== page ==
Jump to content
  • Getting the Best Photo to 3D Model Results


    PVA - Jim

    The quality of your photo set has a big impact on the success of the Photos to 3D model generation, so it is very important that you follow these guidelines when taking photos.

     

    Desktop

     

    • Take photos in a well-lit environment, and do not use the flash. Overcast days work best for shooting outdoors. Avoid direct light sources that cast shadows and hide surface areas. Shooting toward the sun or other bright light can create lens flare, which should be avoided as well.

     

    • Keep the exposure consistent across the photo set.

     

    • The area covered by one photo should significantly overlap with the next. The more overlap, the better. In the case of aerial photography, both forward overlap (between images on a single flight line) and side overlap (between images on adjacent flight lines) are needed.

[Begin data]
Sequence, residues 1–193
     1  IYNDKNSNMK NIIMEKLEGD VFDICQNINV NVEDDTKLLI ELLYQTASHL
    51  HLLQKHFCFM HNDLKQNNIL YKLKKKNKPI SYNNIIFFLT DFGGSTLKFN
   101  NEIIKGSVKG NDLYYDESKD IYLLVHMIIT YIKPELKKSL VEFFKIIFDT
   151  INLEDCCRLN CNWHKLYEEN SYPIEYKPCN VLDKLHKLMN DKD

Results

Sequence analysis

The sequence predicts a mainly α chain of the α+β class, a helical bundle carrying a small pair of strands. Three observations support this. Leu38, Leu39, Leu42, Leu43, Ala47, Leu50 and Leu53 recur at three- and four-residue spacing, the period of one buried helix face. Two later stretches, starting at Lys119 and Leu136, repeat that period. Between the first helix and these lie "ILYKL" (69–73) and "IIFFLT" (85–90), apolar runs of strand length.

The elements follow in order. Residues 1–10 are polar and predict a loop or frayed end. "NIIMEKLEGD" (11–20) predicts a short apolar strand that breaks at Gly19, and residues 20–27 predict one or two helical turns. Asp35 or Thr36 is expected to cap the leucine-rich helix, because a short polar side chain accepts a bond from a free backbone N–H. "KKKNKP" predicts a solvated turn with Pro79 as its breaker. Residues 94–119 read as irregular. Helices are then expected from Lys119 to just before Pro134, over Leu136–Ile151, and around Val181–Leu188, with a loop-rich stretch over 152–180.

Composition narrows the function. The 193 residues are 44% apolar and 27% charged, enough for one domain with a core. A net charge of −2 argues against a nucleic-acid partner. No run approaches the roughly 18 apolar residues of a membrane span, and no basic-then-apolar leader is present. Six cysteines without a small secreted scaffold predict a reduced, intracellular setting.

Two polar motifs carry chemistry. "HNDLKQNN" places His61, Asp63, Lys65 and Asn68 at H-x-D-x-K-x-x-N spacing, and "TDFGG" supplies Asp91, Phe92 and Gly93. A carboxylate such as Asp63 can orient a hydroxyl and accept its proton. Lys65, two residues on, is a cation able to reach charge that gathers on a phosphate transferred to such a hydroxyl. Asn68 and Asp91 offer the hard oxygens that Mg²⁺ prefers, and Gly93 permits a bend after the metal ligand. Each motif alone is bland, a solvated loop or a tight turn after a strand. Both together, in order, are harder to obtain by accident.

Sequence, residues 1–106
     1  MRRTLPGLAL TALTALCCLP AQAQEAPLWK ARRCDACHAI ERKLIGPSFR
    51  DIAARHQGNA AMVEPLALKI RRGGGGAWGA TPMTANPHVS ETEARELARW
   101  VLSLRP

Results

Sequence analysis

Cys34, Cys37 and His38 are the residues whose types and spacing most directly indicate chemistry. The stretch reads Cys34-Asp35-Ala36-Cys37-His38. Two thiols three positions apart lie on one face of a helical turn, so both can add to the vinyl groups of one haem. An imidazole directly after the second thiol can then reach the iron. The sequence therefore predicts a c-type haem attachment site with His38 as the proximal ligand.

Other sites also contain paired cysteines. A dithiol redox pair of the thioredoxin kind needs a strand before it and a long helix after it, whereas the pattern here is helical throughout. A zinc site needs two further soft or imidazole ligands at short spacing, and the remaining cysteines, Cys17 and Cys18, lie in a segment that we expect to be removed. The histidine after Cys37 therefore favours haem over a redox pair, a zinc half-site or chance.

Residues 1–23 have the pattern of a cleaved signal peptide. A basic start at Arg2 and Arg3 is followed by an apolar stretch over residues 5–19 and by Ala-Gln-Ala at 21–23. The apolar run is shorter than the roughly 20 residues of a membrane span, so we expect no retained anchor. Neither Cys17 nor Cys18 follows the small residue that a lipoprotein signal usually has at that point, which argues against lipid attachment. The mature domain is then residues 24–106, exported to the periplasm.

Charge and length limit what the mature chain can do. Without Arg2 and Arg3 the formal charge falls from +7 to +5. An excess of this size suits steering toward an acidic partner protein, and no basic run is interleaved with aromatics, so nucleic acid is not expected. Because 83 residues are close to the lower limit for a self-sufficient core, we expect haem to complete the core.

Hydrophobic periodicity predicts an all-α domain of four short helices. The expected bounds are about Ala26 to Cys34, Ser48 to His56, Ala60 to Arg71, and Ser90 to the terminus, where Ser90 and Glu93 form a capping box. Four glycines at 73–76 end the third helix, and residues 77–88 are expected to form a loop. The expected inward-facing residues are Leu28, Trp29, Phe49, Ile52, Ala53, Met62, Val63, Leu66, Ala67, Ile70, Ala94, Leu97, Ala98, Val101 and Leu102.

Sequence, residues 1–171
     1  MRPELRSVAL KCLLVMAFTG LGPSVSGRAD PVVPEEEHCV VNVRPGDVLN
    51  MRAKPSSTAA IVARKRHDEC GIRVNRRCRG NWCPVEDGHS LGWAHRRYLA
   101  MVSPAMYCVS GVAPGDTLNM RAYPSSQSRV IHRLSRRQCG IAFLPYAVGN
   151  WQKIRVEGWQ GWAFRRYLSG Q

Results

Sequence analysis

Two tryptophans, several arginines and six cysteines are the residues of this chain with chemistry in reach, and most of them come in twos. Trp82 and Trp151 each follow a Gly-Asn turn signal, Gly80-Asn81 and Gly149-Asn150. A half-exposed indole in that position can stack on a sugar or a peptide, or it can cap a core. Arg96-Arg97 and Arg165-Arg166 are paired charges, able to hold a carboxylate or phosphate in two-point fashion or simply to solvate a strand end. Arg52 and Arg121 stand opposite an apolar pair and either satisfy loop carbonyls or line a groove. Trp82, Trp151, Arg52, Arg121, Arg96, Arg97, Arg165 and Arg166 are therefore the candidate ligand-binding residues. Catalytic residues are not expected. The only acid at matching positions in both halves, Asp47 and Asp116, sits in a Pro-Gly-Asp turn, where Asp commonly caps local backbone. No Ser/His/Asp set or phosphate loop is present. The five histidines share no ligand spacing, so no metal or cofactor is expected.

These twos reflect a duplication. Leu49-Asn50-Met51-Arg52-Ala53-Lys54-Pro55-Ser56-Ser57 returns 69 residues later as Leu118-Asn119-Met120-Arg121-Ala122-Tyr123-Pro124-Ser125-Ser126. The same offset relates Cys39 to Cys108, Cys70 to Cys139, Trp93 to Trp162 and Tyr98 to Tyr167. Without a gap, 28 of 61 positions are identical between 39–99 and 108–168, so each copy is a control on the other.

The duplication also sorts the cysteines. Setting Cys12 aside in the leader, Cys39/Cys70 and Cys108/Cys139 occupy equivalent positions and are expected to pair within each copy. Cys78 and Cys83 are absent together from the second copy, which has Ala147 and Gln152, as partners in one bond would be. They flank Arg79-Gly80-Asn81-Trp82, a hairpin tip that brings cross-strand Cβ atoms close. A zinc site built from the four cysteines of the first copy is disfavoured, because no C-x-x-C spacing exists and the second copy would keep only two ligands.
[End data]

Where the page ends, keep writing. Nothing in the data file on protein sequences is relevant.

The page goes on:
• Shoot scenes with lots of detail and texture. Avoid flat, monochromatic surfaces. The visual texture is what ties your photos together.

     

    • Reconstruction requires opaque objects. However, shiny, reflective objects can be reconstructed if they are textured, or if light and lens flare are constant.

     

    • All images in the photo set should be clear and sharp. Remove blurry photos, but make sure that remaining photos have sufficient overlap.

     

    • The more photos you have, the better results you get. Your photo set can include 5-500 photos. Generally, 10-40 photos is enough for a quick reconstruction.

     

    • Supported image file formats are: .png, .jpg, and .jpeg.

     

    • The minimum image resolution is 720p (1280 x 720 pixels) and the maximum is 5k (5616 x 3744 pixels). High-resolution photos can produce more accurate models.